We drove out to the National Forest Office in town and asked about dispersed camping.  We found out you can dump/fill at their facility for a fee.  Good to know if we need that later.  We got maps and a few spots to check out.  The first was along the Arkansas River which we heard good things about from another RVer.  Didn't care for it. It was very cramped and a lot of homeless stay there.  Not that there's anything wrong with that, just not our favorite type of spot.  Another said you can get 30ish foot rigs up the hill.  NOT!  It was a very narrow, steep, rutted 4x4 dirt/rock road.  Maybe jeeps, small trucks and tents!  Not looking too good so far.
We checked out a couple more and fell in love with one about a mile off  Hwy 285 on CR194.  Easy access, flat and the road dead ended in a little box canyon.  Room for about 5 rigs, very private and spaced out.  The ruts weren't bad and the rain hadn't started so we could easily get in.  We went back and got the trailer.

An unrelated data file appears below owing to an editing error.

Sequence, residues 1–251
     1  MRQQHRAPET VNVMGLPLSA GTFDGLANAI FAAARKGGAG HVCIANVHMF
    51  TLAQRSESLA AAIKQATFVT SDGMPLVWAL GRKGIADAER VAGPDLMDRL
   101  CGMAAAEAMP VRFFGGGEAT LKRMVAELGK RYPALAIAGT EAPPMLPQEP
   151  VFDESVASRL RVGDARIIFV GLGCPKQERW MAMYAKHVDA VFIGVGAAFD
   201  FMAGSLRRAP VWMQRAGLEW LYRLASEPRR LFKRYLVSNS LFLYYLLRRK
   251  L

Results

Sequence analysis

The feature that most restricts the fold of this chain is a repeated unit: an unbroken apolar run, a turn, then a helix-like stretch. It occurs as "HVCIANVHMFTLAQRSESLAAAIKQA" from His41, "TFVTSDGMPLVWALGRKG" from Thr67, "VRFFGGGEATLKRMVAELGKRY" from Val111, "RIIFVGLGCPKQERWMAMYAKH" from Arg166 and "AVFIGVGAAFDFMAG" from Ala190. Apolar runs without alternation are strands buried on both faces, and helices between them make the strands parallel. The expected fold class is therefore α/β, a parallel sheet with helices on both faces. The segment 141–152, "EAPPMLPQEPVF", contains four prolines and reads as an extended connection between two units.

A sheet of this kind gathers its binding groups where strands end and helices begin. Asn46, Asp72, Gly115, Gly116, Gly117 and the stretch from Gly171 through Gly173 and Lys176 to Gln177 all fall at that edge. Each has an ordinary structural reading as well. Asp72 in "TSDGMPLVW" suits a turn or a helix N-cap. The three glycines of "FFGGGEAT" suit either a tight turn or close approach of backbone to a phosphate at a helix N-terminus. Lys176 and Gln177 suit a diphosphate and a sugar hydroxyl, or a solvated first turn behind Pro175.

Gorgeous spot on BLM land at the end of the road from the blue dot.
When you drive up 194, left takes you back 18 miles to a tiny campground on the river (nothing over 20ft) and to the right takes you right to the box canyon on BLM land.  Free camping for 14 days!  This spot not to be confused with Hecla Junction at the very end of CR194.
Steve checking it out to make sure no one was in "our" spot.

The road ends just around that corner.

Looking back towards CR194.

Our spot up against the rock wall.  It was also the only area with a few trees.  We had some nice shade and a great fire ring. 

The outside office.

Looking toward the end of the canyon.
View from the end of the canyon looking towards us.  This spot at the end was really big and had a nice firepit, but was a little too uneven for us.
You can't tell, but it's not as flat as it looks.  Later in the week some kayakers tented out here.  Otherwise, we had the place to ourselves!